By the Rev. Vicki Garvey
In Herb Gardner’s A Thousand Clowns, Murray Burns worries about the future of his ward Nick if Child Services determines that Murray is an unfit guardian. Precocious Nick, already too prone to particulars, might end up with a family of list makers and that would break Murray’s heart. Murray knows that Nick counts and wants to be sure not only that he doesn’t end up just another cipher, but also that he appreciates the ‘special thing he is’.
Murray’s right. People count. And sometimes we count people. I’m thinking here of family reunions when we tell the old stories of our kin to remind us of who we are and to introduce new family members to the clan. Or of those rituals during which we name aloud and so remember those who have died and now form part of the great cloud of witnesses.
By this time in 1st Chronicles, we might be a little wearied by all those listings of endless names. Murray would throw up his hands at the lists. Or perhaps not. Because that stream of names represents rivulets of stories of people who count. And to the scattered community of Israel in the grim days after the Exile, those names and those stories forge a bridge to the past. The people in the Chronicler’s audience need such memories and connections to the people who have, in a sense, made them who they are.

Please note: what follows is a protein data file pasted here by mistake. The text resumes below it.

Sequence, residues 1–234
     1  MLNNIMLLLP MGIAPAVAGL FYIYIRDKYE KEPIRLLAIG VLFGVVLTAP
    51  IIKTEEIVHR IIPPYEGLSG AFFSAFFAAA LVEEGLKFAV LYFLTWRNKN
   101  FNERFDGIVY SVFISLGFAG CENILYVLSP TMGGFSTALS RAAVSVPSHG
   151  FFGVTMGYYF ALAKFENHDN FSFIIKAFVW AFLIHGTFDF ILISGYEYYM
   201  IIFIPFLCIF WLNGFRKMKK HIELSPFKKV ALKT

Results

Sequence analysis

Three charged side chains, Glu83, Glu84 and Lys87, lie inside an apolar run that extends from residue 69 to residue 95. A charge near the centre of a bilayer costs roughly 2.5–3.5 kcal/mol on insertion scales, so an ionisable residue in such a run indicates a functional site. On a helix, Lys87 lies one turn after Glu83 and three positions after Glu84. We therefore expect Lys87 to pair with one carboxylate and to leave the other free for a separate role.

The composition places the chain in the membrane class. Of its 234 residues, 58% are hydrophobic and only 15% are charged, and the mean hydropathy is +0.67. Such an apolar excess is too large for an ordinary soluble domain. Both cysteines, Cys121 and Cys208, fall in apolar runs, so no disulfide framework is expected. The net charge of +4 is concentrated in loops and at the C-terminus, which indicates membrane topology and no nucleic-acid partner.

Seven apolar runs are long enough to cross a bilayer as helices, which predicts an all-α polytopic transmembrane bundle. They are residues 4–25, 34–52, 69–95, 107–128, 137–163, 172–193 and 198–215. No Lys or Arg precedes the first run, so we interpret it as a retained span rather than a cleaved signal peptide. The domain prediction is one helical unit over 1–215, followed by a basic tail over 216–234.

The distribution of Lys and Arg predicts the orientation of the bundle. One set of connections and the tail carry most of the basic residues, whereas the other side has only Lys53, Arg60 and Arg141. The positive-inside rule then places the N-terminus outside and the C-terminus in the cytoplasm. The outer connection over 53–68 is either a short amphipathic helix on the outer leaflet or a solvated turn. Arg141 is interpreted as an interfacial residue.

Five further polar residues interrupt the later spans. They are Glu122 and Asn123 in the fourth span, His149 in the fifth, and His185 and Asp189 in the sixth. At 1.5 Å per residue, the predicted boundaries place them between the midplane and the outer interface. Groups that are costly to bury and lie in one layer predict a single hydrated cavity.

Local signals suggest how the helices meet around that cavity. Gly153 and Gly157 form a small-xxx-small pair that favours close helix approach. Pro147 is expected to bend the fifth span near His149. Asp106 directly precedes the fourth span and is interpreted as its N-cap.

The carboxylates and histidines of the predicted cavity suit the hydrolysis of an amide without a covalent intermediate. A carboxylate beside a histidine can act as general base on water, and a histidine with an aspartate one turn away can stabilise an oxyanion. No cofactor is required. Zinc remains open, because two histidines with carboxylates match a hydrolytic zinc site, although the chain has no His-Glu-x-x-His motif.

So do the new Christians in Rome. But Paul, instead of trotting out a genealogy, no matter how edifying, chooses to remind his hearers and over-hearers of one figure from their past: Abraham. Behind his lauding Abraham as model, undergirding the Chronicler’s endless lists, and embedded in our exceedingly brief psalm is the most prominent character of all: the God who is and was and will be faithful to everybody, righteous ancestors and bumblers and list makers.
Who among your ancestors do you ‘reckon as righteous’ [Rom 4.22] and how does that person assist you in your own journey of faith?
Paul, quoting Genesis 15:6, says that Abraham’s “faith ‘was reckoned to him as righteousness’”. If you take the time to look at the whole of Abraham’s life as told in Gen 12 – 25, what else might you learn about the life of faith, its valleys as well as its peaks?
God of the ancestors, remind me to be grateful for those in my family tree who model for me a life of faithfulness and wonder in your presence. Amen.
The Rev. Vicki Garvey is Associate for Lifelong Christian Formation with the Diocese of Chicago.